Author: Kamila Navarro – Formerly De La Salle University, Philippines
- Kamila Isabelle Navarro – Formerly De La Salle University
Since the establishment of science communication as an academic discipline, much of the literature produced has come from developed, typically Western, English-speaking countries with prominent scientific cultures. The Western dominance of science communication research was tackled by Guenther and Joubert in their 2017 bibliographic survey of articles published in three major science communication journals. Almost 70% of the surveyed articles originated from just five countries – the USA, UK, Canada, the Netherlands, and Australia. Although studies from these countries offer interesting insights into best practices in science communication, their findings cannot always be generalized to developing countries with vastly different worldviews and socioeconomic milieus.
It is crucial to also highlight science communication experiences from developing, non-Western environments. This particular study focuses on the present context of the Philippines, a populous Southeast Asian archipelago. Science in the Philippines has historically been characterized by scarce funding, insufficient scientific capacity, and middling research productivity. Furthermore, with over 7,000 islands and more than 180 different languages, the Philippines offers a distinct science communication context worth further exploration.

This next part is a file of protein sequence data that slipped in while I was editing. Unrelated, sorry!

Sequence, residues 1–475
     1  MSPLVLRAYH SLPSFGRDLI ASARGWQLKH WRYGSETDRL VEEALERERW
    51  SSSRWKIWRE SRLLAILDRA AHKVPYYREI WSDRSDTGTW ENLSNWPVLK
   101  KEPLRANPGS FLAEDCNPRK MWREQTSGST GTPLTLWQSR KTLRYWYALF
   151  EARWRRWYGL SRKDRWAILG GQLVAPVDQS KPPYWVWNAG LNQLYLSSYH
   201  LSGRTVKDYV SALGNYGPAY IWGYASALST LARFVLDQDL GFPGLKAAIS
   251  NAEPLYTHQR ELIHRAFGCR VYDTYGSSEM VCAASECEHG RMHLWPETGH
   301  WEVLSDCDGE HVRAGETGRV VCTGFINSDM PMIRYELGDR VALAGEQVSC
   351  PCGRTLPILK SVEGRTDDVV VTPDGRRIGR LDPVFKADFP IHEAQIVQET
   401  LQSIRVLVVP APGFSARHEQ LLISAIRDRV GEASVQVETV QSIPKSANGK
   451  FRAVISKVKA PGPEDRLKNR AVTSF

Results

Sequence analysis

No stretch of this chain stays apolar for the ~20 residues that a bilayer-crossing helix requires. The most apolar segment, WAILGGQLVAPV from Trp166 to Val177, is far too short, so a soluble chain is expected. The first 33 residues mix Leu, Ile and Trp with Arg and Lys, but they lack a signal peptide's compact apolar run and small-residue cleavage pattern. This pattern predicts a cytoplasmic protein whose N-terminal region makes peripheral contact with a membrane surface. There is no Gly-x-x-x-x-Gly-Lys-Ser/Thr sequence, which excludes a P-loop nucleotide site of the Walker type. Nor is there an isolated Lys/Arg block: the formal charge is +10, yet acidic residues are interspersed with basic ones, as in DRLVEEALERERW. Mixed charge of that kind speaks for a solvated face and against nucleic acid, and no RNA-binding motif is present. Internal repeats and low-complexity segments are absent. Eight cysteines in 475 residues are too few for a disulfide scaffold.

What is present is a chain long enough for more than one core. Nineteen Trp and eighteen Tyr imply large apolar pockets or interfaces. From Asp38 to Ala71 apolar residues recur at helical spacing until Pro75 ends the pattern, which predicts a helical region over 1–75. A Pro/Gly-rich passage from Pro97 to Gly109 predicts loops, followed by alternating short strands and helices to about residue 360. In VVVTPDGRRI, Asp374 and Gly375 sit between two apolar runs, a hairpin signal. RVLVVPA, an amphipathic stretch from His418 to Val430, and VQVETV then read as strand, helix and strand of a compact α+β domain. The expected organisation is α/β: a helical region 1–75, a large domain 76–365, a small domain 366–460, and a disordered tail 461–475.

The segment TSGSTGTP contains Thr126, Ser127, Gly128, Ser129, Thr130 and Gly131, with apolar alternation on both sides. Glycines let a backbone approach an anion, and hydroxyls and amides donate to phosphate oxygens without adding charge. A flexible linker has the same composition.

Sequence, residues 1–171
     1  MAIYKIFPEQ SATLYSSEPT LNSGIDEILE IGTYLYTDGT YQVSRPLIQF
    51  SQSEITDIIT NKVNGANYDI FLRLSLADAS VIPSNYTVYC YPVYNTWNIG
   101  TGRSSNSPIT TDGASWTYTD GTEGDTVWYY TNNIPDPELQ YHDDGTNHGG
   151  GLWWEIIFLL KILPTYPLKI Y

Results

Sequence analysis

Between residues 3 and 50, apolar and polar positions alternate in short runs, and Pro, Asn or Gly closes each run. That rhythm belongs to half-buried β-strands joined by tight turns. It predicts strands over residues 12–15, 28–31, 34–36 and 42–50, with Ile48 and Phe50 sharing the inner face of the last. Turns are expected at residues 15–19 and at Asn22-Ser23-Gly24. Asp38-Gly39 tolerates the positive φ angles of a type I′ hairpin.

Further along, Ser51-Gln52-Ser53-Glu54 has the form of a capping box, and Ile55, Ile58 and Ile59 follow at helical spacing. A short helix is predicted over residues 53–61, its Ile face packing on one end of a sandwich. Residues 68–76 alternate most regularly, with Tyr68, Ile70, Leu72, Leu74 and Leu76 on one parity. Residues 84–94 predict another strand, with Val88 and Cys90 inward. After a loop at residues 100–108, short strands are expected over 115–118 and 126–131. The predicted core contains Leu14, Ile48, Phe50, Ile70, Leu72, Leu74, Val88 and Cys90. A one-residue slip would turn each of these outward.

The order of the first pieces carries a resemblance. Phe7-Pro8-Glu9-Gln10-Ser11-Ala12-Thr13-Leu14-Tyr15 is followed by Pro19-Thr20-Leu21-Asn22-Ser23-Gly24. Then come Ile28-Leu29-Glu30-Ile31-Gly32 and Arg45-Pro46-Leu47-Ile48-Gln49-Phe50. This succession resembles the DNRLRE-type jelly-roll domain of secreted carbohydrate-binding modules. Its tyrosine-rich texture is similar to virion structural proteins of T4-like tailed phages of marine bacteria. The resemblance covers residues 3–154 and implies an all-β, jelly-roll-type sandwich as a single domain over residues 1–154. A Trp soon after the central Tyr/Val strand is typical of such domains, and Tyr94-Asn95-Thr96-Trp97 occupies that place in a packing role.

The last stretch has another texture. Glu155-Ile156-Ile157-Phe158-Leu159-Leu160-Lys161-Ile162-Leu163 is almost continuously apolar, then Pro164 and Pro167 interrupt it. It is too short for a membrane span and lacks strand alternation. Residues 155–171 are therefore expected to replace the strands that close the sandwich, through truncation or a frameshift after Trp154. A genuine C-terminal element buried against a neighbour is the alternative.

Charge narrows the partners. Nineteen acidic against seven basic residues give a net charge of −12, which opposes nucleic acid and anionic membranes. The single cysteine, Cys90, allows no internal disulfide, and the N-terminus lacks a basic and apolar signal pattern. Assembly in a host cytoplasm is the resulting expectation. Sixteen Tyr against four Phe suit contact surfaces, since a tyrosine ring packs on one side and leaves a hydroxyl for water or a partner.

This study therefore examined the challenges encountered by scientists and science communicators from Manila, Philippines when publicly communicating science through an online survey and semi-structured, investigative interviews. Their answers were surprisingly similar to challenges raised in other international studies – problems with the lack of time, training, opportunities, financial resources, and manpower. However, challenges regarding the accessibility of science communication efforts and the local attitudes to science were magnified due to the distinct cultural, geographical, and socioeconomic context of the Philippines. These results indicate the universality of certain challenges in science communication as well as the need for science communication frameworks that consider each country’s unique cultural context.
The author has not yet submitted a copy of the full paper.
Presentation type: Individual paper